16 January 2011

No, I Don't Know

Well, everybody gets writer's block once in a while. And there hasn't been much to write about lately. Work, time with kids, work. Real exciting.

Church was really nice today. Dr. King's birthday tomorrow was mentioned and I pondered his example of speaking out, his heroism in trying to correct great injustices, change hearts and minds. He is and should be an inspiration to all of us who are trying to do the same. It was good to take the sacrament and really focus on what it means, too. I have friends whose faith or lack of it is all over the map, but for me, nothing in life or the universe makes sense without God or the Savior or the atonement. Which is one of the reasons that as I write this I'm listening to "Praise to the Lord, the Almighty." Sung by the Mack Wilberg era BYU Men's Chorus, of course. ;-) Seriously, it's the best rendition I've ever heard. If I ever do end up in an angel choir, I want it to sound like that.

Kids are not here this weekend, so this evening I took a long walk through the neighborhood, enjoying the evening air, the moon in the east part of the sky and the sunset in the west. As I walked, I read Apronkid's latest post and it really got me thinking. Not specifically about the post, but about how I look at life and the future, what I want, where I want to go and be.

Everybody who's even semi-active in the LDS Church ends up having at least some vague notion of how they imagine the eternities to be, and often it's much like the simplistic organization chart presented in Sunday School. No surprise there. But when I look at the scriptural basis for that picture, I realize how little is actually said about it. A handful of verses in one section of one book. Yet speculation and extrapolation has created a vast body of popular folk beliefs about what all the kingdoms are going to be like, who will be where, what everybody will be doing, etc., etc.

Coming out as a gay Mormon forces you to fracture a lot of stereotypes in your own mind, to say nothing of how it threatens the complacency of others. And one of mine that's fractured is that neatly organized clearly defined picture of the eternities. I've realized that I have virtually no clue how it all works, how it's organized, or anything. With a few historically prominent exceptions easily guessed at, I have no idea how to predict where anybody I know will end up. When I look at pictures taken by the Hubble Space Telescope, ponder the mind-boggling distances in the universe, look at the amount of time that goes into the birth of a star or a planet like ours, it makes me laugh to hear anyone say they know anything about the ultimate destiny of any other person, let alone all of humanity. The hubris!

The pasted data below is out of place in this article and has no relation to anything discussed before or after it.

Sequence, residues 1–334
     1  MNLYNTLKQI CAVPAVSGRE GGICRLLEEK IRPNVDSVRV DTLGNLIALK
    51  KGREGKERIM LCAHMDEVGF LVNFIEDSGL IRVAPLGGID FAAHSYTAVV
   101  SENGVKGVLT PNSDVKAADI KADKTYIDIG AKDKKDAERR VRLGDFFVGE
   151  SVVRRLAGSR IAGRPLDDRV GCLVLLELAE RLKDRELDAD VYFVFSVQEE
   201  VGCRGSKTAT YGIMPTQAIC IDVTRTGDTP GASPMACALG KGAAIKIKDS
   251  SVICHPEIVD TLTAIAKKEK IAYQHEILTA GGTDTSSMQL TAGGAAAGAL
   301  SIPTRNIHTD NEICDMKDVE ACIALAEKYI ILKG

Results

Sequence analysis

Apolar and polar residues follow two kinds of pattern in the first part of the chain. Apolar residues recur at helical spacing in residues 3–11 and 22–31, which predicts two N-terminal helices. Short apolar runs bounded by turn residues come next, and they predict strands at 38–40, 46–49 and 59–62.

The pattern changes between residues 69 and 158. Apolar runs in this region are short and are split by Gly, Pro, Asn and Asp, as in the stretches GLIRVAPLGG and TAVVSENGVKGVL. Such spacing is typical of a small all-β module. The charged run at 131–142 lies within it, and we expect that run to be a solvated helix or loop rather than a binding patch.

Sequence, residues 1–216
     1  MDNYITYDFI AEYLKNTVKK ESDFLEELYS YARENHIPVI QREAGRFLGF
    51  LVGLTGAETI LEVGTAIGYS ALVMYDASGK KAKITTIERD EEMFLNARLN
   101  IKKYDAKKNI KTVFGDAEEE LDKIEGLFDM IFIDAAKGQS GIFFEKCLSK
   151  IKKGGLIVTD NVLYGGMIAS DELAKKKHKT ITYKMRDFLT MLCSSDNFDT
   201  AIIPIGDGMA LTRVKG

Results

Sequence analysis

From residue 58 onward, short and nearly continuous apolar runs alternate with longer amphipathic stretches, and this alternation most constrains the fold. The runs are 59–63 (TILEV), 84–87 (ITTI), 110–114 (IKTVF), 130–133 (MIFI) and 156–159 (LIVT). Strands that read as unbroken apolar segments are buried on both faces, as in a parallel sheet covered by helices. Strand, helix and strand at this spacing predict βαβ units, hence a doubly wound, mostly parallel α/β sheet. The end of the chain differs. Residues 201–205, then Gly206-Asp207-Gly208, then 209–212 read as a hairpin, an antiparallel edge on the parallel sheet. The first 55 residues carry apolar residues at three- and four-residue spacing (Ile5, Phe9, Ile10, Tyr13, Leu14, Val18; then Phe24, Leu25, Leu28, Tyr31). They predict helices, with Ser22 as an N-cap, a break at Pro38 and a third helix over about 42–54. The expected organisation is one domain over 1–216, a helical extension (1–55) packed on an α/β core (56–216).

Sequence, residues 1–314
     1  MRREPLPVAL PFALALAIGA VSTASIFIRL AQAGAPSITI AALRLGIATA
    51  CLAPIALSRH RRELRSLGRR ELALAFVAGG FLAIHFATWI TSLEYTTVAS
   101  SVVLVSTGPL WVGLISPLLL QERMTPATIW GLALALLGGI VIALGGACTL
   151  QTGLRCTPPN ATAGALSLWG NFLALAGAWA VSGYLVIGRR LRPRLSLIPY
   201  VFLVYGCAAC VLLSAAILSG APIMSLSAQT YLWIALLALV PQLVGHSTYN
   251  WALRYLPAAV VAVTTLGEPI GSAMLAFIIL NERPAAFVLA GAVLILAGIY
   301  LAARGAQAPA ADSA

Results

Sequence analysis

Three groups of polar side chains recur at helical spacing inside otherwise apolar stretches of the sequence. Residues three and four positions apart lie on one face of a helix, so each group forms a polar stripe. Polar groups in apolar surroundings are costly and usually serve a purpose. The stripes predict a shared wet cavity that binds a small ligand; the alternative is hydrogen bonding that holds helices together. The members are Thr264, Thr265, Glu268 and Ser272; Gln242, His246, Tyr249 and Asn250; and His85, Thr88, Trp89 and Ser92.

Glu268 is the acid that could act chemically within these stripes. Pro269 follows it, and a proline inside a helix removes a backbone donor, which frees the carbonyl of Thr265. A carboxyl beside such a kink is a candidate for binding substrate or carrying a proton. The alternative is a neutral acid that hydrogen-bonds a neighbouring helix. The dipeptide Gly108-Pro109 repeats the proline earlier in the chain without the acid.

Now, in the performance-focused Mormon culture where "knowing with every fiber of your being" is the minimally acceptable standard for public statements of faith, admitting such a lack of knowledge is just not done. And a few years ago I wouldn't have done it. I would have clung to The Org Chart of Eternity like a barnacle.

But not anymore. And the bigger difference is this. It no longer bothers me one tiny bit that I don't know. My mom passed away 3 1/2 years ago. Where is she now? I have no idea. I have no doubt that she's somewhere, and I'd like to think that sometimes she's close and checks on me. But I don't know for sure. And that's okay. How do the eternities work? The "many mansions" scripture talks about? I have no idea, and I don't think anybody else really does either. And that's okay.

This is why I say that since coming out, I think my Christian faith and commitment have grown stronger. I no longer have the luxury of drifting along on the Mormon cultural current, content and complacent because I know my appearance makes everyone else think I'm Orthodox Boy. Any honest Mormon will know what I'm talking about and should confess that they've done that too. But now I've broken ranks on a serious issue that LDS theology is not equipped for, and it's no use keeping up appearances anymore. I've had to actually take complete and full responsibility for what I believe, what I have faith in, what I do and don't know. And what I don't know is a lot.